Reloading changes all that. If you can't find 8x57 cases, it's easy enough to make them from 7x57, 257 Roberts or 6mm Rem cases, just as it will be easy for 338 Fed owners to make cases from 7mm-08, 308, 358 or 243 cases. Plenty of 8mm bullets to choose from too, especially for the velocities we're talking, but I'm betting the super premium 338 bullets everyone likes for the mag are going to be way tough for the 338 fed as range stretches, so it may be no easier to find 338 bullets for the 338 Fed than it is to find suitable bullets for the 8x57.

    Ten years from now there are likely to be few enough factory 338 Fed rifles floating around that they'll be sought after collectors, and meanwhile there are millions of 8x57 rifles still kicking around. Which are the ammo manufacturuers most likely to load for?

    Don't get me wrong. I'm sure I'll like the 338 Fed when I get one, but that doesn't mean I'll like the 8x57 less, or that one is "better" than the other. They both have pluses and minuses, and ten or twenty years from now the race between them will be a dead heat at best.
    I don't believe the .338 Federal will be rare in a few years as long as there are .308 cases and .338-caliber bullets left. The cartridge is called ".338 Federal," and that's fine, but in reality it has been around for quite a long time as the .338-08. Also, it was Federal, which perhaps is the most successful ammunition company, that made the .338 Federal official. It would only make sense for Federal to load ammo for it as long as possible.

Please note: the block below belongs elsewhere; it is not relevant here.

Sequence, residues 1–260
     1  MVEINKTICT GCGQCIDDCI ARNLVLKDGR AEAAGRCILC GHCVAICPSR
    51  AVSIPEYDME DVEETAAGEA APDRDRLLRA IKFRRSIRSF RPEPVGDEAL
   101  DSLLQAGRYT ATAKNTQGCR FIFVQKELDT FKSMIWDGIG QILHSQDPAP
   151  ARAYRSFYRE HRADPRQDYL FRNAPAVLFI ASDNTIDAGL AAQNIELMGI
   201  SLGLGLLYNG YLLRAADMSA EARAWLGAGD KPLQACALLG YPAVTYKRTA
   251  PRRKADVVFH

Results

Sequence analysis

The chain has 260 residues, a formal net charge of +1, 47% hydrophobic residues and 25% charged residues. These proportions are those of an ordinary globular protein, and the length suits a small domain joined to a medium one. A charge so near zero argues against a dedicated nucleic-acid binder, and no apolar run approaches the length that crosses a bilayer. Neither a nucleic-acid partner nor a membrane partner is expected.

As you can see, the cartridges that are going by the wayside are those that manufacturers aren't producing ammo, bullets, and cases for.

  9. #9

    Default shooter338

    You shoot your 338 fed and I'll shoot my 8x57 and we'll both end up with dead critters.

    My wife is a 5'2" petite little 48 year old read head and she still makes the young lads take a second look. We are on common ground concerning the important stuff anyway! Ha!

Bookmarks

Posting Permissions

  • You may not post new threads
  • You may not post replies
  • You may not post attachments
  • You may not edit your posts
  •